$a = array_fill(5, 6, ‘banana’); $b = array_fill(-2, 2, ‘pear’); print_r($a); print_r($b);

Array (

[5] => banana [6] => banana [7] => banana [8] => banana [9] => banana [10] => banana

) Array (

[-2] => pear [0] => pear

) Searching for Values

bool in_array ( mixed $needle , array $haystack [, bool $strict ] )

Searches for $needle in array $haystack. If $strict is TRUE, then the type is also compared. For example,

$a = array(‘1.10’, 12.4, 1.13);

if (in_array(‘12.4’, $a, true)) {     echo “‘12.4’ found with strict checkn”; }

will not find ‘12.4’ in $a because it is a string type. in_array() is much faster than a loop that checks every value to find the one you want.

mixed array_search ( mixed $needle , array $haystack [, bool $strict ] )

array_search() returns the key of the element found (in_array() returns a bool). If $hatstack is a string, a case insensitive search is done. array_search() returns FALSE if $needle is not found.

If $needle is found in $haystack more than once, only the first matching key is returned. In this example, only the key of the first ‘a’ is returned.

$haystack = range(“a”, “z”); $haystack[] = ‘a’; $haystack[] = ‘b’; $result = array_search(‘a’, $haystack); echo “haystack is:<br />”; print_r2($haystack); echo “<br />result of array_search(‘a’, $haystack) is: $result”;

haystack is: Array([0] => a [1] => b [2] => c [3] => d [4] => e [5] => f [6] => g [7] => h [8] => i [9] => j [10] => k [11] => l [12] => m [13] => n [14] => o [15] => p [16] => q [17] => r [18] => s [19] => t [20] => u [21] => v [22] => w [23] => x [24] => y [25] => z [26] => a [27] => b ) result of array_search(‘a’, Array) is: 0

In this example we search for an array (within the haystack):

$haystack = range(“a”, “z”); $search = range(“a”, “d”); $haystack[] = $search; // append an inner array $result = array_search($search, $haystack);

echo “haystack is:<br />”; print_r2($haystack); echo “<br />search is:<br />”; print_r2($search);

echo “<br />The result of array_search($search, $haystack) is: $result”;

$haystack = range(“a”, “z”); $search = range(“a”, “d”); $haystack[] = $search;

$result = array_search($search, $haystack);

echo “haystack is:<br />”; print_r2($haystack); echo “<br />search is:<br />”; print_r2($search); echo “<br />The result of array_search($search, $haystack) is: $result”;

Array([0] => a [1] => b [2] => c [3] => d [4] => e [5] => f [6] => g [7] => h [8] => i [9] => j [10] => k [11] => l [12] => m [13] => n [14] => o [15] => p [16] => q [17] => r [18] => s [19] => t [20] => u [21] => v [22] => w [23] => x [24] => y [25] => z [26] => Array([0] => a [1] => b [2] => c [3] => d ) ) search is: Array([0] => a [1] => b [2] => c [3] => d ) The result of array_search($search, $haystack) is: 26

This example searches an associative array: <?php $a=array(“a”=>”5”,”b”=>5,”c”=>”5”); echo array_search(5,$a,true); ?> b // output

To search for all occurances of $needle in $haystack, use array_keys(), specifying the second, optional parameter of a search values:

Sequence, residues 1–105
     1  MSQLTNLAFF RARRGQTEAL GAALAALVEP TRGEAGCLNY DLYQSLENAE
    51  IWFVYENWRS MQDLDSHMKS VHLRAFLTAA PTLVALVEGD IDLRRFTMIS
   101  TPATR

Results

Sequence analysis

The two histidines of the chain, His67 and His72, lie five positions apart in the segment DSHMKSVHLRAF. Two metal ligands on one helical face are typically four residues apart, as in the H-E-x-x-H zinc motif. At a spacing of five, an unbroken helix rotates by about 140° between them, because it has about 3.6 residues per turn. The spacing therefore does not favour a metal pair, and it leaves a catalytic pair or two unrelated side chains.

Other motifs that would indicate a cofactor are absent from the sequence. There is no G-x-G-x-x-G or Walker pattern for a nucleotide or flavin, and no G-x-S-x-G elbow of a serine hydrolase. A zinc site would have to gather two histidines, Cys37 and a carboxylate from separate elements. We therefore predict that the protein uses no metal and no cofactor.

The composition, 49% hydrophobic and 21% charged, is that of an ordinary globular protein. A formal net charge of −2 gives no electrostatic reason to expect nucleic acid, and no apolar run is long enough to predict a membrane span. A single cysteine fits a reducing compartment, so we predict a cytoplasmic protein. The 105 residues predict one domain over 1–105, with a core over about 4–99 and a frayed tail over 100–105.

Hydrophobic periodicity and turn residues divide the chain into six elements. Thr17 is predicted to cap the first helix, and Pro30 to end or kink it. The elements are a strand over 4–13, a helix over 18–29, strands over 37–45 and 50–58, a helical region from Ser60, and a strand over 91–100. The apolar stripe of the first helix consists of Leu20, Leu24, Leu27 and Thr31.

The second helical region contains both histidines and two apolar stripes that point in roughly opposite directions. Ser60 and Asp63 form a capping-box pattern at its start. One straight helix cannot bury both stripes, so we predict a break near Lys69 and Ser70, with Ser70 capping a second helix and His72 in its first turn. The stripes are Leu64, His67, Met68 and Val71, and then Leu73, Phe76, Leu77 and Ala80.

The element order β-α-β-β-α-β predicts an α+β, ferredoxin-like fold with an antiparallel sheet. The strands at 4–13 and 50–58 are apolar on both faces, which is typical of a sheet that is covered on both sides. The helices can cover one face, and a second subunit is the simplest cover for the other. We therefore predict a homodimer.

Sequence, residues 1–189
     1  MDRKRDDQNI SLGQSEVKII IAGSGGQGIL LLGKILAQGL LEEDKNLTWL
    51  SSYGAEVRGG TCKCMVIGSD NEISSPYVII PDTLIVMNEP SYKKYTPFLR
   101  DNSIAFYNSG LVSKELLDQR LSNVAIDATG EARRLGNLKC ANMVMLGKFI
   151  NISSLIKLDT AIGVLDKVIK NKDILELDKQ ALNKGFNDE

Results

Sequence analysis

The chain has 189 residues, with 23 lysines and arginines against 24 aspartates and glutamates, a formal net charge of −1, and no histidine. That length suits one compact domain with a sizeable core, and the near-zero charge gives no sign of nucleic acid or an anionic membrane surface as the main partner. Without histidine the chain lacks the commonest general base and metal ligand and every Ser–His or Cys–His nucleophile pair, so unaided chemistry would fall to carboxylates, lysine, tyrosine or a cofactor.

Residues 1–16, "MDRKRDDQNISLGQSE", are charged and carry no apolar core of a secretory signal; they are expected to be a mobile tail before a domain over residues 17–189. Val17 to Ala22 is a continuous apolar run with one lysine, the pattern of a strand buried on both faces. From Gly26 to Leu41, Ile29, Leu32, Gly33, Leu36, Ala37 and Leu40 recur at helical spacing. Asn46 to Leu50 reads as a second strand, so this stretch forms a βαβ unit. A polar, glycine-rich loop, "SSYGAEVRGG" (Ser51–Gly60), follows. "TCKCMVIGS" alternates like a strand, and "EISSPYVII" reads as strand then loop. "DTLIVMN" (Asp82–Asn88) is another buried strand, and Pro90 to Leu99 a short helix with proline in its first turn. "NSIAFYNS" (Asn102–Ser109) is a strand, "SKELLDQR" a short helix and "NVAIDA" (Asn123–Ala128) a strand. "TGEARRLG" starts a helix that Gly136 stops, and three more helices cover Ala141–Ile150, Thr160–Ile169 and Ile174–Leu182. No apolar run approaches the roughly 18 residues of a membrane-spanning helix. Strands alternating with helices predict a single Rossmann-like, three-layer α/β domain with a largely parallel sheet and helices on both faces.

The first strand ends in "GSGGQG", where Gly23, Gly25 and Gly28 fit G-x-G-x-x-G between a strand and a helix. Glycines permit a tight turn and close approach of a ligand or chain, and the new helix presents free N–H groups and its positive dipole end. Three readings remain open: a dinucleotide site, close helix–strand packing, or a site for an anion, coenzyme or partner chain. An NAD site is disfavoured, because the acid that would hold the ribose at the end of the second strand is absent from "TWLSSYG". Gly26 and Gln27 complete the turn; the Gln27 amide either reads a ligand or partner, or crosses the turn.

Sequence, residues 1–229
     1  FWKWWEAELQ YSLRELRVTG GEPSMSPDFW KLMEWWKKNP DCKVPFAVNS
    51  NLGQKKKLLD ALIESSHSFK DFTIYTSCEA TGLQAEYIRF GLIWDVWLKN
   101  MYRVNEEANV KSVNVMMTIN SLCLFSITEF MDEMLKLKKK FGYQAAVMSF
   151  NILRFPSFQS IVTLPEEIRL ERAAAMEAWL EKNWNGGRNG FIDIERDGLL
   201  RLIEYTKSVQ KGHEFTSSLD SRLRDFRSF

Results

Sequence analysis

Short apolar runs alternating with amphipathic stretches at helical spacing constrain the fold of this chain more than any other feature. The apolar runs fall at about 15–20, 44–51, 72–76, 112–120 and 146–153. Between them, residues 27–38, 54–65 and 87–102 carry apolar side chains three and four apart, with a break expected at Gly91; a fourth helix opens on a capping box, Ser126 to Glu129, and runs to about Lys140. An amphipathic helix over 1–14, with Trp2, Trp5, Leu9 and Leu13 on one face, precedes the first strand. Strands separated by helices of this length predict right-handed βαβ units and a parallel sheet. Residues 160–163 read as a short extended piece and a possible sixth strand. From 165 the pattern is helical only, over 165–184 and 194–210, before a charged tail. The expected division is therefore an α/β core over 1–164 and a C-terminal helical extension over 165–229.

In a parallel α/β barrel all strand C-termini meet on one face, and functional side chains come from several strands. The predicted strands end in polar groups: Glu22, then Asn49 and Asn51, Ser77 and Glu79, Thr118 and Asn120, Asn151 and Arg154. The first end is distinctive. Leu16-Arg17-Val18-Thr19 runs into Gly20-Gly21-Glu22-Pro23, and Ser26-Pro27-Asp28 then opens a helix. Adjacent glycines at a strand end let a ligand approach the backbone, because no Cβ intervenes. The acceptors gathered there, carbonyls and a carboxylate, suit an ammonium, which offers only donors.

$array = array(“blue”, “red”, “green”, “blue”, “blue”); print_r(array_keys($array, “blue”)); // This will return the keys of all occurances of “blue” in $array Array (

[0] => 0 [1] => 3 [2] => 4

)

If the third parameter $strict is set to TRUE then the array_search() function will also check the types of the $needle in the $haystack.

$array = array(0 => ‘blue’, 1 => ‘red’, 2 => ‘green’, 3 => ‘red’);

$key = array_search(‘green’, $array); // $key = 2; $key = array_search(‘red’, $array);   // $key = 1;

array_keys() returns an array of all the keys in input. Example of array_keys() with and without search criteria:

$array = array(0 => 100, “color” => “red”);

print_r2(array_keys($array)); // no search criteria echo ‘<br />’;

$array = array(“blue”, “red”, “green”, “blue”, “blue”); print_r2(array_keys($array, “blue”)); // search criteria

Array([0] => 0 [1] => color ) Array([0] => 0 [1] => 3 [2] => 4 )

Sorting

Sorting changes the internal order of elements in an array and optionally rewrites the keys to reflect this new order. For example, you might use sorting to arrange a list of scores from biggest to smallest, to alphabetize a list of names, or to order a set of users based on how many messages they posted.

PHP provides three ways to sort arrays—sorting by keys, sorting by values without changing the keys, or sorting by values and then changing the keys. Each kind of sort can be done in ascending order, descending order, or an order defined by a user-defined function.

The functions provided by PHP to sort an array are:

Effect Ascending Descending User-defined order Sort array by values, then reassign indexes starting with 0 sort() rsort() usort() Sort array by values asort() arsort() uasort() Sort array by keys ksort() krsort() uksort()

The sort(), rsort(), and usort() functions are designed to work on numerically indexed arrays, because they assign new numeric keys to represent the ordering. They’re useful when you need to answer questions like “what are the top 10 scores?” and “who’s the third person in alphabetical order?” The other sort functions can be used on indexed arrays, but you’ll only be able to access the sorted ordering by using traversal functions such as foreach and next().

To sort names into ascending alphabetical order, you’d use this: